wants it equipped with channels for crowdfunding, crowdvolunteering, and if needed, escalating
the issue to government. Jokowi has always pointed out that he wants to know the existing
problems through his blusukan, but at the same time Jokowi also finds that people have the
capacity to brainstorm and develop their own solutions. Ainun thus wants to build on this idea,
developing it as an e-blusukan. Existing platform like LAPOR, developed by UKP4, is still
limited to crowdreporting, but has not faciliated crowd problem solving.
Institute of Southeast Asian Studies. 30, Heng Mui Keng Terrace, Pasir Panjang, Singapore 119614.
$% !&$ '%
( ! '%
* +
Dr. Rita Padawangi, Senior Research Fellow, Asia Research Institute
Based on her academic background and her personal experience as a volunteer,
interacting with KawalPemilu platform, Padawangi recalled how during the tense moment after 9
July 2014, she received a link to participate in KawalPemilu, but it came with a strict warning,
“Please do not spread it now, it’s not ready yet, it’s only for testing purposes.” Dr Padawangi
noted how cautious KawalPemilu had been, unlike KawalSuara which had started earlier shortly
within a few days after the election, but was immediately attacked.
She added that KawalPemilu not only faced some hacking attempts, but also some smear
campaigns and backlashes, accusing KawalPemilu as a partisan, unreliable site. She noted and
applauded how KawalPemilu did not respond to this attack head to head, but had instead used
friendly and playful methods in their communication strategy—for example, through wordplays,
graphic memes of cats, etc. She also wondered about KawalPemilu’s strategy to synergise with
conventional media like televisions and newspapers.
Institute of Southeast Asian Studies. 30, Heng Mui Keng Terrace, Pasir Panjang, Singapore 119614.
$% !&$ '%
( ! '%
* +
Padawangi showed a slide showing the timeline of similar internet-based initiatives that
had appeared after the presidential election (see figure 1). She added that on top of these
monitoring sites, there was also a website, CobaQuickCount (Try Quick Count), where visitor
could try doing quick counts themselves using the data sourced from KawalPemilu. Since the
quick counts released on the day of the elction had provided different results and thus putting
doubts about the legitimacy of quick count methods, this website tried to facilitate its visitors in
understanding how quick count works.
Padawangi commented on the two main factors that contributed to the rapid snowballing
of KawalPemilu: (1) it has a very simple concept, and the task required from the volunteers was
very easy; (2) there was a strong urgency in the moment of crisis. These preconditions might not
exist in their next projects, since they might require more complicated tasks and verification
processes than just entering some numbers.
Najib remarked that all of Padawangi’s comments had hit the nail on the head. In
response to the question on communication strategy, Mr Najib explained that nine volunteers
with communication background were recruited as their public relations. They managed the
communication on Facebook, Twitter, and in relation to conventional media, and have indeed
employed playful responses and implicit symbols as their strategy. For example, Mr Najib
consciously maintained his more “religious” appearance—the beard, the clothing—to reclaim his
identity, since many smear campaigns had come from those claiming to be from religious
Their next project, KawalDPR, for example, indeed requires more complicated tasks, but
has less urgency. Initially it was developed to be a watchdog platform, to facilitate reporting, but
considering the five-year period, focusing on negative reporting is going to be exhausting, so
they are now considering to shift the focus to positive traits instead.
Some questions
What are their recommendations to KPU?
KawalPemilu advocated for electronic election, but this is not currently possible, considering the
state of technology infrastructure and development in Indonesia. Some areas are severely
underdeveloped, with unclear, often overlapping boundaries. For example, only during this
election have the geographical boundaries and hierarchies of village, district, municipality, and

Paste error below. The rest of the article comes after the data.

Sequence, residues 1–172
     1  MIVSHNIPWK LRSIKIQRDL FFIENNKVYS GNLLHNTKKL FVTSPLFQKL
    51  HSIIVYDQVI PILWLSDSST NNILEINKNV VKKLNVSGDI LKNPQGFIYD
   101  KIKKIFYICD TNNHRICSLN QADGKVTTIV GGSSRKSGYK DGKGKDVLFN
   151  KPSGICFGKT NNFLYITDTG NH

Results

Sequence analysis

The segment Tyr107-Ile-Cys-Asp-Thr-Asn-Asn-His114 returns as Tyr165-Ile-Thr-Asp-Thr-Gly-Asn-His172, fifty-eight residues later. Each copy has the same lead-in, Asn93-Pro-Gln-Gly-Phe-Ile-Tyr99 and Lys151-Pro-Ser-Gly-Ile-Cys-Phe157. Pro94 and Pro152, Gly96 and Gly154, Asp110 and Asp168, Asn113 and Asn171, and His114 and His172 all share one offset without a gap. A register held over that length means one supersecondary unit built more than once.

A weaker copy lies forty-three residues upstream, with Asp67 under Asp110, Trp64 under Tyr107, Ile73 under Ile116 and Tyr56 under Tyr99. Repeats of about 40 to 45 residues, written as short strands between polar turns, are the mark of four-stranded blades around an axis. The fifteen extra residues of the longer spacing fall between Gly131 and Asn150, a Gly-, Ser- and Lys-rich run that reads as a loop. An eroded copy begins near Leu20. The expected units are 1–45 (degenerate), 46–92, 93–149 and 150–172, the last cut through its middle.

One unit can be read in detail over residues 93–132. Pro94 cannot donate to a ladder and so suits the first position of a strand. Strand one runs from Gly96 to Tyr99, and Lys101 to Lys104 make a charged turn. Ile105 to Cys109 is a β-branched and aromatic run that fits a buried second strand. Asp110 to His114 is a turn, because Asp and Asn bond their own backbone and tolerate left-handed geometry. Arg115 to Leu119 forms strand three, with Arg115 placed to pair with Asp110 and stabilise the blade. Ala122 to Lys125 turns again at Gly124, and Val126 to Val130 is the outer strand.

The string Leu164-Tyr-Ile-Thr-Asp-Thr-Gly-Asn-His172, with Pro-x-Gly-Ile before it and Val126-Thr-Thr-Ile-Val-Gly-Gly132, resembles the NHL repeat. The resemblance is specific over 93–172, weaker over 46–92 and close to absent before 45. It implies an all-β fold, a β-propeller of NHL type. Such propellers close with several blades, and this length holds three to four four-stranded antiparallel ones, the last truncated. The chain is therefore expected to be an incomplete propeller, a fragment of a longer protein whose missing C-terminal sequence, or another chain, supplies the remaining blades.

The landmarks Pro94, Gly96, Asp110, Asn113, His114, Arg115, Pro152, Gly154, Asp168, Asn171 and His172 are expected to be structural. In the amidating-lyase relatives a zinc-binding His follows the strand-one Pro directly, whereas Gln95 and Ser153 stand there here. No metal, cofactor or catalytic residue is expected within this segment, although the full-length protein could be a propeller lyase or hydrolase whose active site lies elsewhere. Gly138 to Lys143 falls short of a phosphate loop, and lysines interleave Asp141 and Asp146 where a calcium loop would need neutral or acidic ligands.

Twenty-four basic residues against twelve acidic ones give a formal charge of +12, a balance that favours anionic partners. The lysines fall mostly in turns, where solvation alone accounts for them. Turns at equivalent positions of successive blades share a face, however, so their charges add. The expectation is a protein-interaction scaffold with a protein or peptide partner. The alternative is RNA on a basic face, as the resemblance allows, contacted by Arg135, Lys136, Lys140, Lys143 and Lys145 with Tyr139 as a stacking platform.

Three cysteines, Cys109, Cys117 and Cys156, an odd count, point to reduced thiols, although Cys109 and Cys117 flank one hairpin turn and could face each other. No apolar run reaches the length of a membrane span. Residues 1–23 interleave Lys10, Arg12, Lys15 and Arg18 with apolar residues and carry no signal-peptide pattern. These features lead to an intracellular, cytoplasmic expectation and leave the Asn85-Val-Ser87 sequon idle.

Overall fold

province been cleared and verified by the election committee, but not all areas can easily access
it. Manual processes are thus still prerequisites in some areas.
Institute of Southeast Asian Studies. 30, Heng Mui Keng Terrace, Pasir Panjang, Singapore 119614.
$% !&$ '%
( ! '%
* +
They thus proposed a midway solution: (1) to allocate a portion of village funding (which has
tremendously increased through the UU Desa) for the development of IT infrastructure; (2) to
improve the design of current C1 forms for improved automatic reading and verification—for
example, by implementing unique QR code in each form.
They have also drafted a blueprint for the country’s information system. Unfortunately, the data
of Indonesian national resources have never been designed for a coherent, integrated long-term
system. Each department has its own information system unit, disconnected from each other.
Each system reports to their own institution, without any mechanism to integrate nationally. To
push for a national, centralised information system might require a new bill, while the outlook of
the current parliament, dominated by Koalisi Merah Putih, seems bleak and conservative.
KawalDPR seemed to be of low urgency, but requires high level of input. Unlike
KawalPemilu, the next projects seem to require a long-term and higher level of
commitment, and funding. What are the possibilities in institutionalising this movement?
The law on Information Technology and Electronic Transaction (UU ITE), which allows anyone
to be sued for libel or defamation, has been used to arbitrarily suppress public criticism. For
example, activists in Makassar has been imprisoned for criticising MPs through a Blackberry
message. For KawalDPR, therefore, they planned to build a platform that (1) allows the MPs to
communicate with constituents; (2) publish whatever good works they have done; (3) receive
feedback and concerns.
Thus far, the team has expressed refusal to institutionalise. Rather than institutionalising
themselves, KawalPemilu prefers to use their informal networks of volunteers who are working
in NGOs and government bodies to push for their agendas. The challenge is how to
institutionalise without being dampened by sluggish bureaucracy.
How did you anticipate a scenario of facing a similar initiative, but from the other camp?
KawalPemilu took precautions by being as detailed and transparent as possible with their data
and their process, both are ready to be reviewed and compared. This is why they prioritised
downloading and securing the bulk of the raw data first, the timestamps verified and
authenticated to ensure the data have not been tampered. While individually the members have
their own political preferences, as a team, KawalPemilu ultimately aims to guard the data to
represent the real counts, and to counter the possibility of the results from being manipulated.
***End of report***
Institute of Southeast Asian Studies. 30, Heng Mui Keng Terrace, Pasir Panjang, Singapore 119614.